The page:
Columnist, Food

Christine Vrooman of Ankida Ridge Vineyards presents her pinot noir during this year’s International Pinot Noir Celebration in Oregon. Ankida Ridge was the first winery from the Mid-Atlantic region to be invited to present its wines at the annual event. (Andrea Johnson/International Pinot Noir Celebration)

“Virginia makes wine?”

Virginia’s vintners are used to hearing that question when they venture far outside the commonwealth, and it didn’t take long for Christine Vrooman to hear it when she presented her Ankida Ridge wines on the world stage at this year’s International Pinot Noir Celebration late last month in McMinnville, Ore.

“I even met a couple who used to live down the street from us in Virginia Beach,” she said of the initial evening event at Anne Amie Vineyards, on the eve of the annual bacchanal. That couple had never heard of eight-year-old Ankida Ridge.

The IPNC is an annual event that draws pinot noir lovers and producers for three days of celebrating, learning about and drinking their favorite wine on the campus of Linfield College in McMinnville, in the heart of Oregon’s Willamette Valley wine country. This was the 30th IPNC and the first in which a winery from the Mid-Atlantic was invited to participate. The event is understandably Oregon-centric, but the organizers try to provide balance by including wineries from California, France’s Burgundy region and elsewhere.

Participation in IPNC is by invitation, and Oregon and California wineries typically submit samples of the pinot noir for evaluation. Event organizers are always looking to include producers from other regions, and invited Ankida Ridge to participate based on its reputation, says Amy Wesselman, the event’s executive director. “We continually seek out stellar new surprises for our guests to discover, and we are honored Ankida Ridge was able to join us,” she said in an email.

You might be understandably surprised by Virginia’s cameo on the pinot noir stage. The state’s exciting growth in red wine over the past decade and a half has been fueled by Bordeaux grape varieties such as merlot, cabernet sauvignon and cabernet franc, with blends leading the way. Virginia’s hot and humid climate is not considered suitable for pinot noir, which likes cooler climes.

But Ankida Ridge has proved the exception to the rule. With just two acres planted to vines at 1,800 feet above sea level on steep slopes northwest of Amherst, in the west-central area of the state, it occupies a site unusually suitable for pinot noir, with the altitude moderating Virginia’s heat and humidity.

Vrooman and her husband, Dennis, planted the vineyard at their mountain retreat in 2008. Dennis Vrooman has since cut back on work in his veterinarian practice in Virginia Beach. Their son, Nathan, is the winemaker.

Ankida Ridge debuted with the 2010 vintage, from an unusually hot year in Virginia that gave their young-vines pinot noir extra depth and power and helped it gain attention. Since then, Ankida has developed a lighter style, with high-toned acidity and bright fruit reminiscent of the more delicate appellations of Burgundy, such as Savigny-les-Beaune.

That style was on display in Oregon, where Christine Vrooman and her daughter, Tamara Vrooman Lucas, who handles sales in the southeastern United States, presented their 2013 and 2014 vintages.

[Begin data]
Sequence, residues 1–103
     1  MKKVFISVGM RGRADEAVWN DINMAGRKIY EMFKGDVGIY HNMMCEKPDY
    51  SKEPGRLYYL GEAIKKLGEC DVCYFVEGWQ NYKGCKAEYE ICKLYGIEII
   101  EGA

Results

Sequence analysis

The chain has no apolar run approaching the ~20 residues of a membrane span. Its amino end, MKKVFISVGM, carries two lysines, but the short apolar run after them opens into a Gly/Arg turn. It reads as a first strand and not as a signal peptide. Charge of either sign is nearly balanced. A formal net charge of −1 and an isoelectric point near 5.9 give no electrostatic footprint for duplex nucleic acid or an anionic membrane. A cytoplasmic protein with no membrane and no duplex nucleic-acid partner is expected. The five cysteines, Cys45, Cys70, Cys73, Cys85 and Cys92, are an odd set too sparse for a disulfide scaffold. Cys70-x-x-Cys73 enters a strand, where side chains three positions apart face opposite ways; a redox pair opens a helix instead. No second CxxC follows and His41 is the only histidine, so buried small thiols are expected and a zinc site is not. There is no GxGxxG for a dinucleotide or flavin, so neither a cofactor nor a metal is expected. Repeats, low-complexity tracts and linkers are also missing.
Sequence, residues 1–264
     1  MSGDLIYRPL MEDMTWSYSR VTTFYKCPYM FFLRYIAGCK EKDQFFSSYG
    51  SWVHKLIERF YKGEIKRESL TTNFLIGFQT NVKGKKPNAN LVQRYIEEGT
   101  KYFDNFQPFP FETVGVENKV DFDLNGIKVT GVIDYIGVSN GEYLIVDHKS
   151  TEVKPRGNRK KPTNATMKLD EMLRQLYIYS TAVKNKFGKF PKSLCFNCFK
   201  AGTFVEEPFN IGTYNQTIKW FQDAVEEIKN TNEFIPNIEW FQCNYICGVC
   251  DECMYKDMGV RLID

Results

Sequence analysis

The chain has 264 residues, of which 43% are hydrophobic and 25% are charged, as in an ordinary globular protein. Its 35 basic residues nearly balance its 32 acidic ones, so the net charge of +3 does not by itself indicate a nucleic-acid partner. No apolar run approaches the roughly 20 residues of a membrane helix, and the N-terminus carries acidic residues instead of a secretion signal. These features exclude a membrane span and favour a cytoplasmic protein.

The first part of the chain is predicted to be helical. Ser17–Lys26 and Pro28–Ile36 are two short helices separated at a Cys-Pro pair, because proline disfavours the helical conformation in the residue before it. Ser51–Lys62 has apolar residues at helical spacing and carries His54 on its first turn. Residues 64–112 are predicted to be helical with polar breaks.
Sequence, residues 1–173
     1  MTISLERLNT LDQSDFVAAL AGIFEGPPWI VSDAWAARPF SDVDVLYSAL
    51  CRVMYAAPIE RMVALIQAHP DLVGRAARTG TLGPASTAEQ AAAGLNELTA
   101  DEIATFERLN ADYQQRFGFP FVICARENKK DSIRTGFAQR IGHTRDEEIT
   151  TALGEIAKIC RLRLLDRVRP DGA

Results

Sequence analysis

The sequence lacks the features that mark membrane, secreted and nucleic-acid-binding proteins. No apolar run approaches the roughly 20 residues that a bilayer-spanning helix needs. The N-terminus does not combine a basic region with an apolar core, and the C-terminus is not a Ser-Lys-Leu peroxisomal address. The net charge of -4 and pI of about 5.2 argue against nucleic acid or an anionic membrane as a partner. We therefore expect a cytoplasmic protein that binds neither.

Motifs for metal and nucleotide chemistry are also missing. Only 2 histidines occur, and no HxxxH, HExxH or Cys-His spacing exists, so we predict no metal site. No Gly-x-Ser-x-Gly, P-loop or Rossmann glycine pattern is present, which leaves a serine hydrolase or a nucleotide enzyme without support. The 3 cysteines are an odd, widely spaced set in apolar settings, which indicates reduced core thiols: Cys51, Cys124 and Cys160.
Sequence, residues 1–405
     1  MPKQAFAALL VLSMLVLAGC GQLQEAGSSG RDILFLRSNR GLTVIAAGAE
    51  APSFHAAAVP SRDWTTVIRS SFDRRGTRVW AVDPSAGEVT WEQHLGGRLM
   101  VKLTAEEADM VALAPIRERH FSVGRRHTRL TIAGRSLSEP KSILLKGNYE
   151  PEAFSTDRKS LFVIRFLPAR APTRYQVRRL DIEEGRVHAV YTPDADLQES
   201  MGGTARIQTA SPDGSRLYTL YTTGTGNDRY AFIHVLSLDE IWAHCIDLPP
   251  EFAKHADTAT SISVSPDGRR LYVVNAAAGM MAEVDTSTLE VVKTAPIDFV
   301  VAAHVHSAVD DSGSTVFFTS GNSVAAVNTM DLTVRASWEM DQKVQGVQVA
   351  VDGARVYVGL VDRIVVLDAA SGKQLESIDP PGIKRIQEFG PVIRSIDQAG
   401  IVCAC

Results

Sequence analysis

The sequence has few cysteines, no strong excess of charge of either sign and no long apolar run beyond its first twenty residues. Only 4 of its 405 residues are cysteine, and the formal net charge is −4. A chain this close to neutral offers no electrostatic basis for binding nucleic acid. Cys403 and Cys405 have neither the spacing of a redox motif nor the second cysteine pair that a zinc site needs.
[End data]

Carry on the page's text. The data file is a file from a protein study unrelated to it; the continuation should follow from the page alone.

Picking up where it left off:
Most of IPNC happens on Friday and Saturday; on each day, half of the participants board buses to an Oregon winery, with the destination revealed only en route. Three or four other wineries are on board, and participants are treated to a vineyard tour, a seminar and tasting, and then lunch. (The rest of the crowd attends the main seminar — this year on Australian pinot noir — and a bacchanal lunch on the campus at Linfield.)

Vrooman was on the bus to Brooks winery, in the Eola-Amity Hills area of Willamette Valley, about 25 minutes from McMinnville. Mount Hood was lurking in the haze over the Cascade mountain range to the east, and Mount Jefferson made a cameo appearance at the end of the afternoon. After a brief discussion of biodynamic winemaking and a tasting of the outstanding Brooks Bois Joli 2015 Riesling, Vrooman presented Ankida’s 2013 pinot alongside the same vintage from Brooks, Panther Creek and Alexana wineries from the Willamette Valley and Domaine Charles Audoin from Burgundy. The wines were identified only after the tasting, and several of the 50 participants were surprised when they learned which one was from Virginia. The Ankida showed more age than the others, with brick-red color and advanced aromas and flavors of mushrooms and forest leaves. (I mistook it for the original 2010 vintage.)


Five pinot noirs — Ankida Ridge from Virginia, three from Oregon and one from Burgundy — were presented during a blind tasting. (Andrea Johnson/International Pinot Noir Celebration)

“I thought that was the Burgundy. It was very elegant,” said Lindsay Woodard, winemaker of Oregon’s Retour wines, assessing the Ankida Ridge. “She should be very proud of that wine.”

Later that day, the Vroomans poured their 2014 vintage, noticeably fresher and brighter than the 2013, at a tasting on the campus lawn at Linfield College. One admirer was Andy Peay, who has a cultish following for his own pinot noirs from the western Sonoma Coast region in California.

“I fell in love with this wine at Terrapin restaurant in Virginia Beach,” Peay told me. Then he tasted the 2014. “Still love it,” he said. “Great acid.” For wine geeks, that’s a rave.

Vrooman said the IPNC experience was a great opportunity to showcase Ankida Ridge specifically and Virginia more generally. “I spoke to so many people about how great the wine industry is in Virginia, a very collaborative group crafting high-quality wines,” Vrooman said after the weekend wound down.

And now they know that, yes, Virginia makes wine.